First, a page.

At first glance, Peripheral Visions, the solo exhibition of works by internationally acclaimed Moscow-based artist Olga Chernysheva, now on at GRAD London, looks rather…grey. On entering the show, however, our first impression of monochromatic dullness was completely reversed. The walls of this relatively new Russian art gallery, opened in 2013, have been painted a bright clinical white, and a series of faux walls made from exposed steel beams and grey sheets of plasterboard demarcate smaller spaces within the room. The structure of the show and the works on display complement each other and are completely absorbing. From the first black-and-white drawing, we were sucked in.
A member of the last generation of artists to come of age in the Soviet Union, Chernysheva occupies a unique place in the history of contemporary art. She studied animation at the Russian State University of Cinematography in Moscow, graduating in 1986 just as Mikhail Gorbachev was implementing Perestroika across the Soviet Union. Within four years, the entire political system and social structure of her childhood would be turned on its head. The social anomalies caused by this rapid change have remained a central theme in Chernysheva’s work. For example, Waiting in the Registry Office, one of the drawings on display in Peripheral Visions, recalls Soviet realist art on similar themes, though the happy, robust young figures of Soviet era paintings have been replaced by a world-weary older couple. Chernysheva’s work is not limited to the post-Soviet context, however. She was, after all, the first Russian artist to study at the Rijksakademie in the mid-1990s, and she has an illustrious exhibition history that includes shows in Hong Kong, New York, Berlin, and Sydney, as well as representing Russia at the 2001 and 2015 Venice Biennales. The present exhibition is a special project in conjunction with the Sixth Annual Moscow Biennial.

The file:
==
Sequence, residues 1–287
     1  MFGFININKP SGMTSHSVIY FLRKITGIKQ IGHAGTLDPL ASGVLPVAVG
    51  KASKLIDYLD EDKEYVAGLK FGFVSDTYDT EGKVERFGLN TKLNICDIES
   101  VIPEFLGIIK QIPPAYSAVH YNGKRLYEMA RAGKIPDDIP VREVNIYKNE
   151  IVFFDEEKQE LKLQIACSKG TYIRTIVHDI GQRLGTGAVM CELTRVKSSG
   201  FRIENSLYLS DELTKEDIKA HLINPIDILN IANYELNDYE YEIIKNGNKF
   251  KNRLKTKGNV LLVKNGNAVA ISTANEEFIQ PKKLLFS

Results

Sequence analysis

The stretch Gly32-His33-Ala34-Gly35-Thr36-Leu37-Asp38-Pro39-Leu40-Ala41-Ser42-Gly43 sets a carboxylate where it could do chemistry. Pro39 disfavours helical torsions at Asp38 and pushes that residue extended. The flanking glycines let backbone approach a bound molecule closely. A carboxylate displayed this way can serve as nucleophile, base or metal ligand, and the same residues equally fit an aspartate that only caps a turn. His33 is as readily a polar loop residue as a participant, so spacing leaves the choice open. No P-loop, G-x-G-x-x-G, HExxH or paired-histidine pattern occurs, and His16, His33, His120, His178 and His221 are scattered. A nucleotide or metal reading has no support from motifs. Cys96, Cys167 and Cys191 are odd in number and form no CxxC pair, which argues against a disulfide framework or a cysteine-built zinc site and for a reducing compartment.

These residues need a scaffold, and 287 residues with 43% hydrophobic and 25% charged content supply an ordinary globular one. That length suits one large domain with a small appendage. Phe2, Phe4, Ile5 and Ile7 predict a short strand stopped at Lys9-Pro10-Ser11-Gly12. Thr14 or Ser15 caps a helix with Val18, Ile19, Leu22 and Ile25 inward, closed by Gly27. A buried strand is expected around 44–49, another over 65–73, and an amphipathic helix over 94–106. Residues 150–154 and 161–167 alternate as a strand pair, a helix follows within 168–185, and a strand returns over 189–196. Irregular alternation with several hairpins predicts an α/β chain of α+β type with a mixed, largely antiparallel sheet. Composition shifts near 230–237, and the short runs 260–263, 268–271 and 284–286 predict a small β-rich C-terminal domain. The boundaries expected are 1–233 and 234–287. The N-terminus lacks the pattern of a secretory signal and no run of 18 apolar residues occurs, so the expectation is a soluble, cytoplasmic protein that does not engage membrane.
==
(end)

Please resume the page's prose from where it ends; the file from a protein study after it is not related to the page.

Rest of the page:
Peripheral Visions includes drawings, photographs, and video works, all of which represent Chernysheva’s unique perspective on contemporary Russian life, focussing particularly on the forgotten people and spaces of Moscow. She captures moments of stillness from her urban context: a cloakroom attendant waiting for a customer (Untitled, From a series Cactus Seller, 2009), an empty museum guard’s chair (Untitled, from a series Moscow Central Armed Forces Museum, 2011), the eerie isolation of commuters queuing on a metro escalator (Untitled [Escalator with added space above], 2015). Contrary to our first impression, the monochromatic tones of these works actually heighten their sense of silence and stillness, an effect that is heightened by the little alcoves and hidden corners created by the unusual exhibition design.
Her drawings, and especially her photographic barite prints, share a fuzzy, out of focus quality, as if they were indeed something in one’s peripheral vision, which Chernysheva has managed to capture and present for our inspection. The intentional resistance to sharp focus also encourages the viewer to see these scenes as timeless, like a vintage postcard or an old photograph. These scenes are both familiar and foreign and Chernysheva cleverly draws out the humour in many of the works with wry caption taped onto them.
Chernysheva approaches the world around her like a social anthropologist: she observes, documents, and analyses people and their actions. Her work, ranging from drawing and painting to film and photography, shows her fascination with the everyday. She is a creator and bystander: a wanderer who compulsively seeks art in the everyday. Chernysheva draws inspiration from the urban environment around her, collecting moments of humour, absurdity, and beauty that reveal a quieter aesthetic underneath the usual buzz of city life. Peripheral Visions presents an excellent introduction to Chernysheva’s work and the staging of this exhibition creates the ideal intimate atmosphere in which to examine her contemplative art works.
By Helena Anderson
Peripheral Visions: A Solo Exhibition of Olga Chernysheva, until 30 November 2015
GRAD London, 3-4a Little Portland Street, London W1W 7JB